Tyranny has fallen at the hands of young freedom fighters and Libyans rejoice the death of dictator Muammar Gaddafi. After eight months of civil war, the National Transitional Council (NTC) now faces the task of restoring peace to the country and organising its first democratic election. But the task is not easy. With oil production down and the cost of war threatening to disarm its economy, Libya’s future is uncertain. Story by AMANDA PARKINSON.
When protests broke out in Benghazi between February and April this year the world saw oil prices reach a four-year high, rising 35 per cent. Libya was only producing 2 per cent of the world’s oil, but as civil unrest escalated prices increased internationally. Producing rare crude that can be refined as either petroleum or diesel gives Libya’s oil a higher market value. During the war Libyan oil production dropped from 1.6 million barrels per day to 390,000 barrels per day. In a knee-jerk reaction a group of oil importing nations announced the release of 60 million barrels of oil from emergency stocks to float the industry.
As rebel forces closed in on Gaddafi’s home city of Sirte, oil dropped 81 cents per barrel and returned to pre-protest prices. But with an infant government, and no parliament or constitution, instability will hinder Libya’s return to the world market. Oil-field workers were expected to return to work in the week after Gaddafi’s death, but an analysis from The Economist said: ‘oil production in Libya won’t return to capacity till mid 2012.’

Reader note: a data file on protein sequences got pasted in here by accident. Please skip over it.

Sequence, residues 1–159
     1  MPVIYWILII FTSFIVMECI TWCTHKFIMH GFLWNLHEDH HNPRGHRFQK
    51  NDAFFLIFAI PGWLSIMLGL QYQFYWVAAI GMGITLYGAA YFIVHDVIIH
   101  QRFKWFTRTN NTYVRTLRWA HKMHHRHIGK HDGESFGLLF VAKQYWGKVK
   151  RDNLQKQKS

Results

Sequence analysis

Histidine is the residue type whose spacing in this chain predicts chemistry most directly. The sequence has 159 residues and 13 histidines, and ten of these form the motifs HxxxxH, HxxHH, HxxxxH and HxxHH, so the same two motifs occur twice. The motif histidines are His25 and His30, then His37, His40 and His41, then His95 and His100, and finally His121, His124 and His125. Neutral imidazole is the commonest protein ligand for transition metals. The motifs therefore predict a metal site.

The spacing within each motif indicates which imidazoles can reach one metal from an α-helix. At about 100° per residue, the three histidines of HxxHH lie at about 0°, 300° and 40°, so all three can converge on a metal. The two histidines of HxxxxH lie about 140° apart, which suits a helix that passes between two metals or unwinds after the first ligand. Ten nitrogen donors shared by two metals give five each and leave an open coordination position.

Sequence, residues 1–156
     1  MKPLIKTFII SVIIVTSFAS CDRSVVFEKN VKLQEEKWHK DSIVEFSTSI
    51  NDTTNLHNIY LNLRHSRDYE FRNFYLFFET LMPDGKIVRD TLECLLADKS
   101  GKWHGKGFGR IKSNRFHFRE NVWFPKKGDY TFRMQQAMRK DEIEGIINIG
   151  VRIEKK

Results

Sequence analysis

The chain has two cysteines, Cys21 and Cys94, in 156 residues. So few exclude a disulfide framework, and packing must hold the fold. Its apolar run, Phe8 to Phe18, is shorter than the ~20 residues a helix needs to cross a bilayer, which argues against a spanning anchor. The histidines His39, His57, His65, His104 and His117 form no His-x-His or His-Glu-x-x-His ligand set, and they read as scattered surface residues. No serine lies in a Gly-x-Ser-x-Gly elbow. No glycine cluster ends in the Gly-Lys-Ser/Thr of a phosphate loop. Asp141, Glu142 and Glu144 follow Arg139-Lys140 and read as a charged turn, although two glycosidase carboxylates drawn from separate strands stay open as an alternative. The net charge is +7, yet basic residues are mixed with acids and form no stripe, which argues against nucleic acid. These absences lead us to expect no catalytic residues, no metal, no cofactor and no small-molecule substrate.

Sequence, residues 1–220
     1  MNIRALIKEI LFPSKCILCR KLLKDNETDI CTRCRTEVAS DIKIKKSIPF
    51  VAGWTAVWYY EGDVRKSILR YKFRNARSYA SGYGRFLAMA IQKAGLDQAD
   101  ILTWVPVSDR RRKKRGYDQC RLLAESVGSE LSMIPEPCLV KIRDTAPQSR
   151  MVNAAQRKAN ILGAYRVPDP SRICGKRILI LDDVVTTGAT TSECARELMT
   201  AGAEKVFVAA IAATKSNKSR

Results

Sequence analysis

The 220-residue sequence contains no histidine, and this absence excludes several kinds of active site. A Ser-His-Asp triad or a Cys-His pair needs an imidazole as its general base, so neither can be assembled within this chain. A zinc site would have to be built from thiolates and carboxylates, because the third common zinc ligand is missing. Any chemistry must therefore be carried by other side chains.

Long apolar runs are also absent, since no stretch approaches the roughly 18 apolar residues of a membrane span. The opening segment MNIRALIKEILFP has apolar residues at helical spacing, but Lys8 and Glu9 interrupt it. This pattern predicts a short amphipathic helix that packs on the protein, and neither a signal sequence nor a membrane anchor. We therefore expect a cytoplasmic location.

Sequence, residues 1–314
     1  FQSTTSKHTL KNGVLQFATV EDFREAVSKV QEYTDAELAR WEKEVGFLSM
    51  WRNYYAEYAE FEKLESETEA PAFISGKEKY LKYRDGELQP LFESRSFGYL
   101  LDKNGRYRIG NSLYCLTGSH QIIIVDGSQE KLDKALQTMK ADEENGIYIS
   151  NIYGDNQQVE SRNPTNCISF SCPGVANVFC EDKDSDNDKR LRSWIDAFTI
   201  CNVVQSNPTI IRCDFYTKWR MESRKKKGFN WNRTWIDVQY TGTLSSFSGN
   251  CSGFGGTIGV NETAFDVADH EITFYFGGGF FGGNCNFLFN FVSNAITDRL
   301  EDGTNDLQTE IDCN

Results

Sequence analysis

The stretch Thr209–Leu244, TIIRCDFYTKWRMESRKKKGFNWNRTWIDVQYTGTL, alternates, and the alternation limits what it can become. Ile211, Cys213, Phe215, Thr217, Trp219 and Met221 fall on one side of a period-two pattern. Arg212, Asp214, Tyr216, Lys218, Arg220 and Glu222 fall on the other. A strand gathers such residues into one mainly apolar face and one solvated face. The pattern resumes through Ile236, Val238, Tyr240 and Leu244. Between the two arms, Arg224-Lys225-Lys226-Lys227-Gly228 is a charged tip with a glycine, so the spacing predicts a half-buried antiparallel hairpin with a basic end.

As the country regains a steady income, the NTC must begin to restore stability. Under the laws drawn up by the revolutionary forces, the fall of Sirte will result in Libya officially declaring liberation. Following liberation the NTC will form a transitional government within 30 days, 200 members of the national conference will be elected within 240 days of which a Prime Minister will be appointed and their government nominated.
A coalition of Western countries has offered support as Libya hopes for a democratic future. Australia’s Foreign Affairs Minister Kevin Rudd said, “it will be complex, but we will stand ready to help our friends in Libya to ensure they reach their democratic needs.”
US Secretary of State, Hillary Clinton announced in a press conference after Gaddafi’s death that the Obama administration would pledge US$40 million to destroy left over weapons caches. “Washington will work with Libya to destroy chemical weapon stocks, as the two administrations are committed to stay focused on the oil-rich country’s security,” she said.
NATO announced plans to withdraw from Libya by the October 31. The news came as fights broke out in Tripoli between Gaddafi loyalists and rebels. Locals in Tripoli were angered over looting and corruption. In the capital multiple checkpoints were set up but their deregulation meant guards were forcing locals to pay bribes in order to pass. In areas with a high number of rapes and abductions, those manning the check points were former prisoners of the Gaddafi regime.
The NTC will soon begin the road to building a democratic future for Libya. Libyan rebels said on Twitter: “We have no political structure, we waited 42 years and now we can all rebuild Libya together.” A Libyan father, @BentBenghazi, tweeted his family were relieved the struggle was over: “So many stressful days and nights wondering if our son would come home alive, so grateful to know he will be here soon.”